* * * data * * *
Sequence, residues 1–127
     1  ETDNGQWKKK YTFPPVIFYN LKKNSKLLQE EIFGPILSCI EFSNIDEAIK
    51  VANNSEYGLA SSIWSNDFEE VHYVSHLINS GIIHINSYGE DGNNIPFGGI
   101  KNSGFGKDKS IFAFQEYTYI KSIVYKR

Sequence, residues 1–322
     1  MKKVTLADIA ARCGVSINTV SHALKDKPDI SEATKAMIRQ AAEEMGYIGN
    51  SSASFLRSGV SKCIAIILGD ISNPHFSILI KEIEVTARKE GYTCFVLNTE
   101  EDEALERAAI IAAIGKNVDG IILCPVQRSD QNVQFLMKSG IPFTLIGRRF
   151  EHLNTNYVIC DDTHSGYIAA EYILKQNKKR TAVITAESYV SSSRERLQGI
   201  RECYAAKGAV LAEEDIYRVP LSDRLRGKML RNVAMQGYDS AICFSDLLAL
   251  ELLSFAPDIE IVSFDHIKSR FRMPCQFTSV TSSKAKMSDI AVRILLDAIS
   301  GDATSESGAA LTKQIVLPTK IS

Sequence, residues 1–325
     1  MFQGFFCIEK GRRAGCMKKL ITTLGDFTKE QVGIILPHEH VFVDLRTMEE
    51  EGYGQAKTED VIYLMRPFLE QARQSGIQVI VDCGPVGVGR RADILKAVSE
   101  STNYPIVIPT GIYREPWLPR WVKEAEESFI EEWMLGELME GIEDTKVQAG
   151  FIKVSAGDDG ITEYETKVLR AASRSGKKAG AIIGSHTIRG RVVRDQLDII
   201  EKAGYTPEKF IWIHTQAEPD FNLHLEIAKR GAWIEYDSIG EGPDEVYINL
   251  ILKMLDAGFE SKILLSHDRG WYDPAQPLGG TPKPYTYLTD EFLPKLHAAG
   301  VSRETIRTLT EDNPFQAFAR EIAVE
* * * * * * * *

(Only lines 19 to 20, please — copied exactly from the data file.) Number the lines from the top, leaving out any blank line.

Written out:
   251  ILKMLDAGFE SKILLSHDRG WYDPAQPLGG TPKPYTYLTD EFLPKLHAAG
   301  VSRETIRTLT EDNPFQAFAR EIAVE